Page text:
According to Forbes, in the monthlong territorial war between Armenia and Azerbaijan back in 2020, Azerbaijan deployed at least a company with a dozen T-55 tanks, apparently near the disputed district of Aghdam—and apparently as howitzers and newer T-72s handled direct assaults on Armenian positions.
“Those 70-year-old T-54 and T-55 tanks that the Russian army is pulling out of long-term storage, possibly in order to recondition them for front-line use in Ukraine, wouldn’t last long in a direct fight with the Ukrainian army’s own tanks.
But tank-on-tank combat might not be what the Russians have in mind for the 40-ton T-54/55s with their four crew, up to 800-horsepower engines and 100-millimeter rifled main guns.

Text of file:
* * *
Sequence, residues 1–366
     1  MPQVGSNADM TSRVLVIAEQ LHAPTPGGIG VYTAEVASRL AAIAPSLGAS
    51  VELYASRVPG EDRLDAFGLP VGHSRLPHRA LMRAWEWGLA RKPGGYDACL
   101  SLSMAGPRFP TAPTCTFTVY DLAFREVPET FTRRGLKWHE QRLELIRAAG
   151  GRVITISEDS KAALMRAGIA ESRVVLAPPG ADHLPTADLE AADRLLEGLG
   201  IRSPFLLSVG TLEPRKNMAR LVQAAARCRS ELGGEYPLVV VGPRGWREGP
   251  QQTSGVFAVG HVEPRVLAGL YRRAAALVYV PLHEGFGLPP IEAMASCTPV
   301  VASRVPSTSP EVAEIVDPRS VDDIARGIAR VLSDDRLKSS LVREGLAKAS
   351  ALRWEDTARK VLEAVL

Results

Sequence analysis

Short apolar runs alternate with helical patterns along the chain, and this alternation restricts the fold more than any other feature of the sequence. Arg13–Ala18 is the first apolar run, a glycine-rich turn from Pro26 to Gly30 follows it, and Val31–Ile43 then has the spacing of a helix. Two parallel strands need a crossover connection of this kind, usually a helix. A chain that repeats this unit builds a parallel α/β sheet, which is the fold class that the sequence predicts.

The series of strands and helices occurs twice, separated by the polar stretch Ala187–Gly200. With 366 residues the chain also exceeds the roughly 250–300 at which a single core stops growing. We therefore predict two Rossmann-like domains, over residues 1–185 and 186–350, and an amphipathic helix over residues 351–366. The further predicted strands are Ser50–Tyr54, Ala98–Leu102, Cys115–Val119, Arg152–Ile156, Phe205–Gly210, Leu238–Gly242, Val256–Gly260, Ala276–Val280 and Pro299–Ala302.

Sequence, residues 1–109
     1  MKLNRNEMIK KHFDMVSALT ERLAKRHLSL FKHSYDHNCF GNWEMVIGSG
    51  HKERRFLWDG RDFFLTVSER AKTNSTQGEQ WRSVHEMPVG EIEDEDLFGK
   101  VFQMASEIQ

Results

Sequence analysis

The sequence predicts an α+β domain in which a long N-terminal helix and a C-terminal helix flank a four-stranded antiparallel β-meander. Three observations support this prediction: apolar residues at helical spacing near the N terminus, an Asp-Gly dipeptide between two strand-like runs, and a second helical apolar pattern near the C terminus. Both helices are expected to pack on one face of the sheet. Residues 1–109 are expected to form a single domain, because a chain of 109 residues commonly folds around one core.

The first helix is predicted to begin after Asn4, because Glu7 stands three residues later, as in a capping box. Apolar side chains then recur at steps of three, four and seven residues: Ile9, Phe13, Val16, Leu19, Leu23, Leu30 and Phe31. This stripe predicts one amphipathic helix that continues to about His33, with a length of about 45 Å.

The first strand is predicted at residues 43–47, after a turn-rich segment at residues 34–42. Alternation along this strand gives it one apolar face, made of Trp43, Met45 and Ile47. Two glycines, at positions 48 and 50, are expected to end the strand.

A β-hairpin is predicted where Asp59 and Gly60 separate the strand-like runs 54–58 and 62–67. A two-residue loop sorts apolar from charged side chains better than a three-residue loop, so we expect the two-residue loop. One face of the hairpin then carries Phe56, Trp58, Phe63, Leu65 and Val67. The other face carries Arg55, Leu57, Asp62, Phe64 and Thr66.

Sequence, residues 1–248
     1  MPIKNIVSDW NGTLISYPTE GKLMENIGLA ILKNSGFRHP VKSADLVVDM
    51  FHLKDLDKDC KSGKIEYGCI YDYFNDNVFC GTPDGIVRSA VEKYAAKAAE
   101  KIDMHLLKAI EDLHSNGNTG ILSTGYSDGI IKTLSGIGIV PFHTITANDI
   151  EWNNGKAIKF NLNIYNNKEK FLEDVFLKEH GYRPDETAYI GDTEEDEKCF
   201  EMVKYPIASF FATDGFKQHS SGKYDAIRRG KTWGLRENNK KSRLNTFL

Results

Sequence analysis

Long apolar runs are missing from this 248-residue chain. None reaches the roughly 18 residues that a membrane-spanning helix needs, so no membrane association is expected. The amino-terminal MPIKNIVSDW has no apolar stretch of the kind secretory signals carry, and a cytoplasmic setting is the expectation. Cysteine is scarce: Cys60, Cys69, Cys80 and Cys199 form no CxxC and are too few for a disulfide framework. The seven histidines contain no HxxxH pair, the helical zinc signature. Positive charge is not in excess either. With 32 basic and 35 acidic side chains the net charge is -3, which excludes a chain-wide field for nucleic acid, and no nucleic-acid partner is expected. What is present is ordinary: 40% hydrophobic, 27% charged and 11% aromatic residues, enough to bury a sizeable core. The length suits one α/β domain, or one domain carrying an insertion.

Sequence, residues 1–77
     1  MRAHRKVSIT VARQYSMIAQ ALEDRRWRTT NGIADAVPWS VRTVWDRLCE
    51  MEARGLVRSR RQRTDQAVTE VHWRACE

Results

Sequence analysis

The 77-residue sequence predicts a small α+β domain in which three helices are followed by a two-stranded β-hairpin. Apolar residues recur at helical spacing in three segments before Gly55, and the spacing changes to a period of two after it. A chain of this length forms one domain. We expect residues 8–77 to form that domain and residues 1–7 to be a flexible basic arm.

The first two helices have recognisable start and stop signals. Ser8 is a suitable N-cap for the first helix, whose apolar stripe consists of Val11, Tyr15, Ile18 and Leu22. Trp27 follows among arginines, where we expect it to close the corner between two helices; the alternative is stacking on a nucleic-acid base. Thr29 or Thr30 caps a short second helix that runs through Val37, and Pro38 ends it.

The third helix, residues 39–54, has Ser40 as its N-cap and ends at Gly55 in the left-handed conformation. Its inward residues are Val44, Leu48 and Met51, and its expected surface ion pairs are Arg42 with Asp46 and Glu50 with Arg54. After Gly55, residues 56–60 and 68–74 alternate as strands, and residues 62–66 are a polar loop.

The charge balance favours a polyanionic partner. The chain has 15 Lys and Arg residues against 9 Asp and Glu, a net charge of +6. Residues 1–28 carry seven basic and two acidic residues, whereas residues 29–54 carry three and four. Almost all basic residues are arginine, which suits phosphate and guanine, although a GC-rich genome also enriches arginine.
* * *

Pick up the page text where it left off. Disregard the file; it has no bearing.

There’s ample precedent for tanks-as-artillery in the Ukraine war and other conflicts. The Ukrainian army has compensated for a dearth of howitzers by drilling indirect-fire techniques into the three-person crews of its locally-made T-64 tanks. The Russian army lately has done the same—even with its best T-90s.
It’s important to remember that a tank in essence is a big gun on a rotating mount wrapped in armor and traveling on a tracked chassis. In the T-54/55’s case, the gun is a D-10T, a derivative of the D-10 anti-tank gun that entered service with the Soviet army in 1944,” Forbes said.